6. I’m still trying to come to terms with the concept of Bondo riding a cruiser and liking it; it has the same shock impact as when Mark Richardson went out and got himself a Harley.

    What’s next, Larry in a Smart Car?

  7. Bondo it’s funny you say that. Whenever I take a bike trip with my friends they all ride cruisers with half lids and vests. I’m on my Concours with full face and gear. I’m sure I’m the one who sticks out going down the road. However they are good company and great guys to take a trip with no matter what they ride.

  8. Surprisingly, the other cruiser on my top two list would be the Honda Fury. It works way better than it should. Cruiser riders keep saying they’re individuals so why do they dress alike and all their bikes look the same?

    If you’re going to ride a cruiser, you may as well stand out from the crowd. Of course, you could do that just by wearing proper riding attire and a full face helmet but that’s another topic.

  9. I test rode one of these a couple of weeks back… 8)

    The sound is cool, and the power is surprising for an 800cc bike. I felt pretty cool riding the bike, and it was very easy to ride and quite comfortable. This was my first experience with a cruiser, and I was pretty impressed…it is one of my top pics for my new bike for next season. :grin

  10. Rui, you’re just jealous, because you got ripped off buying a H-D thingie . :cry

    I’d like to try the M50, actually. Last M bike I rode was a 109, and I was reminded of it with horror while on the Old Barry’s Bay Road today; last time I was there it was on an M109 and it was terrifyingly awful.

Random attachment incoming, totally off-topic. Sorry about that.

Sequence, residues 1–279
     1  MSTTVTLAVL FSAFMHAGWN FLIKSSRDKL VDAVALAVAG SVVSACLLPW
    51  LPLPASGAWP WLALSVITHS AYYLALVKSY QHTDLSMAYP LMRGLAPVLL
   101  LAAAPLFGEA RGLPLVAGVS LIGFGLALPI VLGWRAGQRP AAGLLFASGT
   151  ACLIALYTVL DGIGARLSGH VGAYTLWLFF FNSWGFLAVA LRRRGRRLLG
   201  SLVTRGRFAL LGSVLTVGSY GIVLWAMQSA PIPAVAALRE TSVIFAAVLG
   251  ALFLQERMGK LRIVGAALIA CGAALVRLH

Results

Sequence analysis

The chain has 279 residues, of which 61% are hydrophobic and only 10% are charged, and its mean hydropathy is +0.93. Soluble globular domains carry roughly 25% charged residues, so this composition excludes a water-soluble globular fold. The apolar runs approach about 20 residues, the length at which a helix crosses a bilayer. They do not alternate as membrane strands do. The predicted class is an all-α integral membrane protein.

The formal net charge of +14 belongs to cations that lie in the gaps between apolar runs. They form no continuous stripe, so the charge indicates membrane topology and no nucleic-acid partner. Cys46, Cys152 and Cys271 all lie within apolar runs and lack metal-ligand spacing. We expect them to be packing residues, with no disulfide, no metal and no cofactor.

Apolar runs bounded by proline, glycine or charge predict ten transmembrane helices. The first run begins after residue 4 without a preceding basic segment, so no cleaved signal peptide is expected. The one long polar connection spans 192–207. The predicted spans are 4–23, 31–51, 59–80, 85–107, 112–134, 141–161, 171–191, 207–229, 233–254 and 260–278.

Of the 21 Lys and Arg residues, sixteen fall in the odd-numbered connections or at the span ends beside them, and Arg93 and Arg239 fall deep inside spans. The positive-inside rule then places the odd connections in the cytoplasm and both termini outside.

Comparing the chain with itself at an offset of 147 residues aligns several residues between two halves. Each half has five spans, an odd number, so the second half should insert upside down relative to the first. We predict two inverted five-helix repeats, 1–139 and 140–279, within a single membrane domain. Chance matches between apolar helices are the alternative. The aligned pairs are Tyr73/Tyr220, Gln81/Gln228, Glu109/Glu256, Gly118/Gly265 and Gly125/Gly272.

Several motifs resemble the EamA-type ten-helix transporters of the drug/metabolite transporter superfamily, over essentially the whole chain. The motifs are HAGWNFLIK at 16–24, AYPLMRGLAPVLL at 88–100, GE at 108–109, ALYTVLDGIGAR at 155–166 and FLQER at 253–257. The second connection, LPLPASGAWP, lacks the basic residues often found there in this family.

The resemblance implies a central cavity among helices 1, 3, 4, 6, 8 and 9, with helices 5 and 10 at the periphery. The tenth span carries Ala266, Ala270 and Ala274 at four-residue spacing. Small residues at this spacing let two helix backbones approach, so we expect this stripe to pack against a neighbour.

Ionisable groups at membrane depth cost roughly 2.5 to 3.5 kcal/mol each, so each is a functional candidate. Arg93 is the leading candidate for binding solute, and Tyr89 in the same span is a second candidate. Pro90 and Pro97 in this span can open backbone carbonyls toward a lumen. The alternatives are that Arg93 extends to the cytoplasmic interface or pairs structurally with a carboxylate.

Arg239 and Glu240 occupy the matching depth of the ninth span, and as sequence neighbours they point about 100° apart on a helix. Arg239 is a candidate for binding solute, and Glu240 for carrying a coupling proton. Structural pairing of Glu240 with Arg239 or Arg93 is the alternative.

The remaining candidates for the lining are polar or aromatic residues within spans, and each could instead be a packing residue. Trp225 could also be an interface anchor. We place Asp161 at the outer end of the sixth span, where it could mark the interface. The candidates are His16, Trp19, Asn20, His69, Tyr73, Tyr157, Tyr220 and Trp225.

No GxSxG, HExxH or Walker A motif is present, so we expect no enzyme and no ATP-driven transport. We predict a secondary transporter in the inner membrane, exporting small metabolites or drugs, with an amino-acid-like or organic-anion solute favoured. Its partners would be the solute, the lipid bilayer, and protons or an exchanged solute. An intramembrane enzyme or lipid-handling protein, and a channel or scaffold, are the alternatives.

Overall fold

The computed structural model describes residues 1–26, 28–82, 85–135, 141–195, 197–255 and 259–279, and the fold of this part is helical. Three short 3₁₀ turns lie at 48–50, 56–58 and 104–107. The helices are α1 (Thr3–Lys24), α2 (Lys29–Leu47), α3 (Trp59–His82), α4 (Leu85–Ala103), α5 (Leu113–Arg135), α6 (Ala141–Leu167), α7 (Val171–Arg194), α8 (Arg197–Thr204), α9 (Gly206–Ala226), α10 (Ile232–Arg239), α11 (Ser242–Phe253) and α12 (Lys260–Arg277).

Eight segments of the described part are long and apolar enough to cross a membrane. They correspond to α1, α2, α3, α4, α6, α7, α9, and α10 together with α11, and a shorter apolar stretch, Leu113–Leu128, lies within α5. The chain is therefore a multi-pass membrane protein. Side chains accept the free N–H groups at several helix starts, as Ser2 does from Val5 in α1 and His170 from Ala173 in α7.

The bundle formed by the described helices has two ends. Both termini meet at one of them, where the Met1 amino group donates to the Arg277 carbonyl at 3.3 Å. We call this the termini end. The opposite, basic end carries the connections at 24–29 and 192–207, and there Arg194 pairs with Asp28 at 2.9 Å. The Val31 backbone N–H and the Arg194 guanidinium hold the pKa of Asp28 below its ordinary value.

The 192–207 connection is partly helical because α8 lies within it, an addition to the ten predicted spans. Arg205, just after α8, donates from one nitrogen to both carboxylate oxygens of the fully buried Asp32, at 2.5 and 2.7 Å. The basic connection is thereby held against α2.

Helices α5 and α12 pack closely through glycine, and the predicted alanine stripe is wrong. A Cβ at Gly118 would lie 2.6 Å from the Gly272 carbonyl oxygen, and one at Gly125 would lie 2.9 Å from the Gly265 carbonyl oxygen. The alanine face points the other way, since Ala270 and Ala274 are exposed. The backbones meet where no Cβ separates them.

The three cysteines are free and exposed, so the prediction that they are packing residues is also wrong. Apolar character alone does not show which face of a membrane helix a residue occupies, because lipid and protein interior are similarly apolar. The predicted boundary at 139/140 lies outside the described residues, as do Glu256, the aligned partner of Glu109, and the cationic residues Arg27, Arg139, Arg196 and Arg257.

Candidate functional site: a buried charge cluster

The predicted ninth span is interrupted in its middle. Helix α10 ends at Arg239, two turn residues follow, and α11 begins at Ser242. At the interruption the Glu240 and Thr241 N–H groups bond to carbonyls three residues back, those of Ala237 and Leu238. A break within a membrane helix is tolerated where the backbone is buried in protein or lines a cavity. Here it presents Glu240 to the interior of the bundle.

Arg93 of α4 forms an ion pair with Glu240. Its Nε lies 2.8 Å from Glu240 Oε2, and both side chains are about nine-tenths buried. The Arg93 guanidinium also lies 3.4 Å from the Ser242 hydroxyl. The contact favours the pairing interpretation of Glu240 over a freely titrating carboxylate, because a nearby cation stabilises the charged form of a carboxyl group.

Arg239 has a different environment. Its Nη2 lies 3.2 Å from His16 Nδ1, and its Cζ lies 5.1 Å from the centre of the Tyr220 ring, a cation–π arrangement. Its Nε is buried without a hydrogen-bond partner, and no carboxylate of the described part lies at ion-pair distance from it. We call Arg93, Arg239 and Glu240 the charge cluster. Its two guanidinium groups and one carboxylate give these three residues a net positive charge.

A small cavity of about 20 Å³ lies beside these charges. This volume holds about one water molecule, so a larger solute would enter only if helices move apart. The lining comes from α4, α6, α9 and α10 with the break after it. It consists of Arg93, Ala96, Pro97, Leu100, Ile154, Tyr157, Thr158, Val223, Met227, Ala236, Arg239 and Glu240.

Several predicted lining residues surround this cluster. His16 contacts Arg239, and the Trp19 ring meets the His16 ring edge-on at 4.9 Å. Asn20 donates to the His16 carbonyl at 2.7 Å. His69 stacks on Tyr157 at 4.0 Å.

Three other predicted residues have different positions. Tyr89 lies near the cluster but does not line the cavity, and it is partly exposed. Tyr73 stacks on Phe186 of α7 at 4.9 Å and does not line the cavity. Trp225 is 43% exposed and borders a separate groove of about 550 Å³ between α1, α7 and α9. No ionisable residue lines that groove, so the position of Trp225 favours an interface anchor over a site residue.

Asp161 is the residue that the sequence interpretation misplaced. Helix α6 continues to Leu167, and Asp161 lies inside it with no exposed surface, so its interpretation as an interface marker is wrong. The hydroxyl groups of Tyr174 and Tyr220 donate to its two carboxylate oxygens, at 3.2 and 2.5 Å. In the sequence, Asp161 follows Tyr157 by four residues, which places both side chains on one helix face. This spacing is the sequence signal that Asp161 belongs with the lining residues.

11. Fake fins, plastic chrome, inconsistent finishes, tank seams, an air cleaner almost larger than the engine, an engine that looks tiny in that big bike…jeez, the japs still don’t get aesthetics or cruiser buyers! You can’t even see the engine with Bondo on it.

    Atleast it handles well, but a muscle looking cruiser with tepid power? Only appealing for value seekers IMO.

  12. Mr. Bond: Love your writing and couldn’t agree more with your characterization of ‘who really needs more than this?’. Really nice bike!

  13. Excellent review Steve. I couldn’t agree with you more regarding your sensible opinion about current cruiser engine displacements. An 800 cc engine will provide more than enough torque and power for a cruising motorcycle, and yet still be light enough to allow the average person to push it around in their garage without gaining a hernia.